Profiling | KRANE Design
KRANE Design, led by mastermind Ken Chow, saw a progression of the 1940’s military theme that they’ve been building upon since the beginning for this year’s A/W collection.
The collection was showcased in an intimate studio space in Toronto’s Heritage Court for the Toronto Fashion Week, where select pieces of the KRANE bag collection were suspended above the runway on wires attached to the ceiling. Models dressed themselves right before the audience before doing the standard three point turn, and if that isn’t intimate, we don’t know what is.
In addition to being personal, focus was also placed on making pieces fit not just for men but for women as well, his latest endeavour. Ken explains, “Women were picking up the KRANE jackets for themselves in the past, so I paid special attention to fit this season.”
Ken Chow is an enigmatic, artistic yet practical man who embraces his inner child spirit. We spoke to Ken himself, asking about his life, passion and inspirations.
So how do you start your day?
Ken: With a cup of sunshine—well a cup of drip filtered coffee. The winters have been getting really long in Canada, so I was excited this morning to be surprised by a hint of spring peeking its pretty head through all the grayness of the extended winter.
A day in your life, what occurs?
K: Everyday is different, because at different times of the year, there are different priorities.
The day always starts with coffee and a hearty breakfast. I make a point of venturing out for breakfast and/or lunch a few days in the week, so I don’t hermit out. I like to do the sketching at night, because I find that I’m most creative at this time. This is also good for me because it brings it into the dream world, so in the morning when I’m doing the technical sketches I can add the revisions.
How would you describe the difference between living in New York and Toronto?
K: New York has this magical element to it. It’s a feeling that can’t be described, but everyone feels it in a different manner.
Toronto has elements of New York, but on a smaller scale. New York is congested with pockets of districts that are squished next to one another. Toronto has similar districts but less of them, and more spaced apart.
What was your main inspiration and motivation to start fashion?
K: I come from a visual art background, so I made the decision to move into Fashion because I wanted to create beautiful things that were aesthetically pleasing but also functional. Fashion transcends time, inspires culture, and compliments music…all things I love, so it made sense.
In your previous collections, neutral tones (notably black) are the predominant colour palette. However, in A/W ’11, we see brown jackets, pink shirts, and an overall lighter hue… will we see Krane venturing into more colours for future collections?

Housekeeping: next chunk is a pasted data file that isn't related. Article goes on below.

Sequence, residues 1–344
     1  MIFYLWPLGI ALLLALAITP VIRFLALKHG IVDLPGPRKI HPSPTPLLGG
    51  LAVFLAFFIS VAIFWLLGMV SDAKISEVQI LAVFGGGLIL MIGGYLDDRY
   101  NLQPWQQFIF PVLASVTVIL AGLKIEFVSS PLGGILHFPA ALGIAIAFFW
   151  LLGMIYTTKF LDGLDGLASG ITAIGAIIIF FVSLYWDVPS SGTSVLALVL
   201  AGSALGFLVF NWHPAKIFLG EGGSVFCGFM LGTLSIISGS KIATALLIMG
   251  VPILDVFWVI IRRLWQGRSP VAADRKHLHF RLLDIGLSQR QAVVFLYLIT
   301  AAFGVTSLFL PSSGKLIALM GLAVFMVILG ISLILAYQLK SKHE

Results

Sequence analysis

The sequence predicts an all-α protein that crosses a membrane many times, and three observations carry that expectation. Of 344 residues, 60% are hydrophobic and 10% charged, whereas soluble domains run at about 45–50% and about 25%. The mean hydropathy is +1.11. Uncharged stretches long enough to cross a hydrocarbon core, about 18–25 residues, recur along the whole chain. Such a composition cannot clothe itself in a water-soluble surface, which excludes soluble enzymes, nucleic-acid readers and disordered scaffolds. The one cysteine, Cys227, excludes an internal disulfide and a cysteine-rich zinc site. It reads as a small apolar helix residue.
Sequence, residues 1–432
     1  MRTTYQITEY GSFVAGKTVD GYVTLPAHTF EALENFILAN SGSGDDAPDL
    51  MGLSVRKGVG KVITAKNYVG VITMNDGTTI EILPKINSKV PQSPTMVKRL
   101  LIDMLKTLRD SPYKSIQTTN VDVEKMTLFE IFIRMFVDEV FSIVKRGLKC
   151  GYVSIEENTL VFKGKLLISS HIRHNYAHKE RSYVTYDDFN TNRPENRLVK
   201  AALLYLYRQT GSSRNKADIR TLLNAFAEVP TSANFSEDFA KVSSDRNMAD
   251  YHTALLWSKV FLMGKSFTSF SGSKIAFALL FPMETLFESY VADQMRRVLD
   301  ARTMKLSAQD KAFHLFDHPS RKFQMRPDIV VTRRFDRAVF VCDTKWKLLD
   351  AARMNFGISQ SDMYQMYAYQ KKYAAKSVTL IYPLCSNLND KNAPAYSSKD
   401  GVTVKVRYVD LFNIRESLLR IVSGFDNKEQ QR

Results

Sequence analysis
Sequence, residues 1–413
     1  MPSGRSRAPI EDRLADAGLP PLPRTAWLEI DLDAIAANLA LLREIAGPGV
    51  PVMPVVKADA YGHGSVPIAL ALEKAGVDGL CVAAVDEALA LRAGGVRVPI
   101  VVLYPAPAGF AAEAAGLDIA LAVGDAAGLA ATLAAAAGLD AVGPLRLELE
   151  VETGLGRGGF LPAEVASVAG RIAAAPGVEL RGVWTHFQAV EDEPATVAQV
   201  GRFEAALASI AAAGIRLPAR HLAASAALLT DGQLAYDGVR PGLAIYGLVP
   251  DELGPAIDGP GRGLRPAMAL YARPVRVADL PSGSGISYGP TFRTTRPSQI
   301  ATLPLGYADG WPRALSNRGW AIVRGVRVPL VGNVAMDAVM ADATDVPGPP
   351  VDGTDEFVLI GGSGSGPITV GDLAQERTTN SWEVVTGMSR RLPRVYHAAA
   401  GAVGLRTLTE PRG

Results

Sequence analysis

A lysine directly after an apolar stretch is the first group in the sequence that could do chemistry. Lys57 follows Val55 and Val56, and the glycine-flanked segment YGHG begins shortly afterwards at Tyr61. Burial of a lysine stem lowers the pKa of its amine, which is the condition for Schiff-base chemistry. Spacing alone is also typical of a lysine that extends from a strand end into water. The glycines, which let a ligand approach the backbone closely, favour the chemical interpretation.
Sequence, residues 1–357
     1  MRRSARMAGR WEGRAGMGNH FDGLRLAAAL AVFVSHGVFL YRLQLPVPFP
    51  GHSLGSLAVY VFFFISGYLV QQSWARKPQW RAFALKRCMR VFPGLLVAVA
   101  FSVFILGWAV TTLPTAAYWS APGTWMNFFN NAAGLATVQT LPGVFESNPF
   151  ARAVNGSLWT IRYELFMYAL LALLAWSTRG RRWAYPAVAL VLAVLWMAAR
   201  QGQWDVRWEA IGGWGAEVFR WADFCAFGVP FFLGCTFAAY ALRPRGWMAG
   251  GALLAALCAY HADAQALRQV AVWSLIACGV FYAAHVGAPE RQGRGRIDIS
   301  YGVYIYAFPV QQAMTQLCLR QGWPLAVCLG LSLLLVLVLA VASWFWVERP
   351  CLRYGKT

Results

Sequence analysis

K: Yes! I’m glad you noticed this. Black on black is my uniform, but I do like colour. I was concerned that the all black aesthetic would inspire a culture of misfits that hated life for the KRANE brand, which was the reason behind the new direction. I aspire to create a brand that is more optimistic, one that inspires a culture that appreciates art, architecture, music street-culture, and the love of travelling.
What would you say is Krane’s distinct look that sets itself apart from other brands?
K: Simplicity makes you stand out. For this reason, The KRANE aesthetic is very detail oriented. It is very simple on the surface, but it is once you get up close and inside the products, that you notice the special factor in the products.
There are several categories of accessories for menswear, why the focus on bags?
K: I entered the menswear market with bags because when I moved back to Toronto from New York, I felt to become a relevant men’s brand, the timing was not right to launch a full-blown menswear label. During that time (2004), there was also a lot excitement in the women’s handbag market at the time, so I felt it was a smart business move to establish the KRANE brand in the “manbag” market as a starting point. Men soon caught on, so I’m glad I took this route.
Between apparel design and bag design, which do you enjoy working on more?
K: Apparel, bag, bag, apparel, apparel, bag, apparel, bag, apparel, apparel, bag, bag…
This constantly changes. I can’t say I like one more than the other, but feel, and am inspired to focus on one more than the other at different times of the year.
Are you planning to expand your offerings with other accessories (e.g. bracelets)?
K: Yes! Because the outerwear has such a short window for spring, I will be focusing on belting (which includes bracelets) and smaller leather goods like wallets for the SS12 season.
What can we expect from Krane in the near future?
K: Women have been picking up the outerwear and bags, so I’ll be introducing a few styles of women’s bags for SS12, and tailoring certain outerwear silhouettes more towards women.
What would you say is the most important detail for menswear?
K: A solid everyday bag, and then a well-fitting coat. First impressions set the tone for how things are to shape and develop. These details I think are a necessity for your outer layer.
For more on KRANE, check out the brand @ http://www.kranedesign.com/
Check out the lookbook and runway images below.
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